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Democrats urge Biden to take executive action on assault-style firearms

Democrats urge Biden to take executive action on assault-style firearms
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A group of more than 100 House Democrats on Wednesday urged President BidenJoe BidenBiden's quiet diplomacy under pressure as Israel-Hamas fighting intensifies Overnight Defense: Administration approves 5M arms sale to Israel | Biden backs ceasefire in call with Netanyahu | Military sexual assault reform push reaches turning point CDC mask update sparks confusion, opposition MORE to take executive action on regulating concealable assault-style firearms, after that type of weapon was used in the recent shooting at a supermarket in Boulder, Colo.

In a letter to Biden led by Reps. Mike ThompsonCharles (Mike) Michael ThompsonGiffords group unveils gun violence memorial on National Mall Democrats urge Biden to take executive action on assault-style firearms Democrats have a growing tax problem with SALT MORE (Calif.), Joe NeguseJoseph (Joe) NeguseOvernight Health Care: US to share millions of AstraZeneca vaccine doses with other countries | Biden speaks with Prime Minister Modi as COVID-19 surges in India House Democrats call on Biden to add Medicare-related provisions to economic plan A proposal to tackle congressional inside trading: Invest in the US MORE (Colo.), Val DemingsValdez (Val) Venita DemingsDemocrat Nikki Fried teases possible challenge to DeSantis The Hill's Morning Report - Presented by Emergent BioSolutions - Upbeat jobs data, relaxed COVID-19 restrictions offer rosier US picture Democrats cool on Crist's latest bid for Florida governor MORE (Fla.) and Ed PerlmutterEdwin (Ed) George PerlmutterDemocrats urge Biden to take executive action on assault-style firearms Colorado governor, spouse test positive for COVID-19 Rep. Rick Allen tests positive for COVID-19 MORE (Colo.), Democratic lawmakers called for action to ensure gun manufacturers can't evade regulations surrounding certain types of firearms, particularly in the National Firearms Act.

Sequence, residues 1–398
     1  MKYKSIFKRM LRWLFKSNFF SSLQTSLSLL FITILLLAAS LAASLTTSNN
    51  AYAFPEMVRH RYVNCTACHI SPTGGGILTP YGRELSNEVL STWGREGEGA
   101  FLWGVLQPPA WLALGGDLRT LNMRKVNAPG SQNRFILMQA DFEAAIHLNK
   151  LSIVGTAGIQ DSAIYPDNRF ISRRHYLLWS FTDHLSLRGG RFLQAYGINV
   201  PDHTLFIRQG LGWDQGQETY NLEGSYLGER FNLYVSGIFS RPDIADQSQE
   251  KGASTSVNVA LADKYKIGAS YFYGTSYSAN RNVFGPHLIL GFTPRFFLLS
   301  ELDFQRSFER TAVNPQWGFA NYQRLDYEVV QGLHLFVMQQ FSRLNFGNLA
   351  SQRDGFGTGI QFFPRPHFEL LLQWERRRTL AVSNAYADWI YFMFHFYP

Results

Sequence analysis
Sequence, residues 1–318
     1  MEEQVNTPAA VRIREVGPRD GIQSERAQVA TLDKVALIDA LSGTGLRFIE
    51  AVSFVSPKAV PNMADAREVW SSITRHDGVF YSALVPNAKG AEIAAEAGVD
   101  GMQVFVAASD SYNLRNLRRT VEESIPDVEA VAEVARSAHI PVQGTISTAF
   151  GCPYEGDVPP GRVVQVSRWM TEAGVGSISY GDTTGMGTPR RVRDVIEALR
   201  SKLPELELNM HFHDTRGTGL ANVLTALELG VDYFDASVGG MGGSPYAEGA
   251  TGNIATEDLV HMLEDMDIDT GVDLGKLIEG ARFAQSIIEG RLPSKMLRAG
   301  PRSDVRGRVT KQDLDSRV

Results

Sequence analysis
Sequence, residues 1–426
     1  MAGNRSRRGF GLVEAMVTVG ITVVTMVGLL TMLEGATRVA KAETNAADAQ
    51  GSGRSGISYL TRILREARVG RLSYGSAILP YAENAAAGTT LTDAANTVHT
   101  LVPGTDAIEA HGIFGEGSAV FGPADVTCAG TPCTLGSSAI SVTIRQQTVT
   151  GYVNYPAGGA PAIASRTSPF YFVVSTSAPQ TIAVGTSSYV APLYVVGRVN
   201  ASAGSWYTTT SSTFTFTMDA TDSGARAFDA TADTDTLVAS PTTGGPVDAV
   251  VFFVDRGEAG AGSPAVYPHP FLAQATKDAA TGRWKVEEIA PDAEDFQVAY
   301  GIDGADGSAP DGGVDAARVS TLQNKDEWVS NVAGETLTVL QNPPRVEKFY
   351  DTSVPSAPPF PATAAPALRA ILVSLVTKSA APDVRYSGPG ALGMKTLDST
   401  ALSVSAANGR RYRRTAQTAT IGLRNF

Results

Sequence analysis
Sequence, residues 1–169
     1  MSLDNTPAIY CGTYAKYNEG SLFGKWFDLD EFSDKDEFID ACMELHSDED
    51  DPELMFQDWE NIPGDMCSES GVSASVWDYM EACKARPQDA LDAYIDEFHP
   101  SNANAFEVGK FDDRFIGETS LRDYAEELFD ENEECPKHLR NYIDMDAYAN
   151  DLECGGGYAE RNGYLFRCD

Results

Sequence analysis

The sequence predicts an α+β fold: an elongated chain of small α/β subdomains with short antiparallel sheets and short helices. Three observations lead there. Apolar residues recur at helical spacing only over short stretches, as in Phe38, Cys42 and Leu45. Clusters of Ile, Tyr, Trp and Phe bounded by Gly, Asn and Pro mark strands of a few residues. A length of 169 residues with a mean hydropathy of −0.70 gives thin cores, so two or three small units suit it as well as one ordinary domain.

Thompson is chairman of the House Democrats' Gun Violence Prevention Task Force, while Neguse represents Boulder, where 10 people, including a police officer, were killed when a gunman opened fire at a King Soopers grocery store last week.

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"For too long, gun manufacturers in order to circumvent the National Firearms Act have designed and marketed concealable AR-15 style firearms which fire rifle rounds," the lawmakers wrote. "Concealable assault-style firearms that fire rifle rounds pose an unreasonable threat to our communities and should be fully regulated under the National Firearms Act consistent with the intent and history of the law."

Firearms subject to the National Firearms Act require a background check with photo identification and fingerprints, as well as registration with the Bureau of Alcohol, Tobacco, Firearms and Explosives.

Boulder police have said that the semi-automatic Ruger AR-556 pistol allegedly used in the March 22 shooting by suspected gunman Ahmad Al Aliwi Alissa was purchased legally at a gun store.

Alissa has been charged with 10 counts of first-degree murder, as well as one count of attempted murder.

White House press secretary Jen PsakiJen PsakiBiden's quiet diplomacy under pressure as Israel-Hamas fighting intensifies Overnight Defense: Administration approves 5M arms sale to Israel | Biden backs ceasefire in call with Netanyahu | Military sexual assault reform push reaches turning point CDC mask update sparks confusion, opposition MORE said Tuesday that the administration is "working on a couple of levers" to enact new gun control measures in the wake of the Boulder shooting as well as shootings at three spas near Atlanta earlier this month. One of those efforts, she said, includes working with Congress on legislation.

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"While that is moving, while there are discussions on that front — and the president will certainly be engaged in those — we are also continuing to review and consider what the options are for executive actions," Psaki said, although she declined to offer a timeline.

The House passed two gun control bills this month: one that would expand background checks to guns bought over the internet and at gun shows, and another that would extend the review period for a background check from the current three days to 10 days.

The Senate, which is evenly split between Democrats and Republicans, has yet to take up either of the bills. It's unclear whether Democrats can secure at least 10 votes from Republicans to overcome a GOP filibuster.

But Senate Majority Leader Charles SchumerChuck SchumerSenators shed masks after CDC lifts mandate Pro-tax millionaires protesting in front of Bezos's homes Student debt cancellation advocates encouraged by Biden, others remain skeptical MORE (D-N.Y.) has vowed to take up gun control legislation.

"Make no mistake: Under the Democratic majority, the Senate will debate and address the epidemic of gun violence in this country," Schumer said on the Senate floor last week.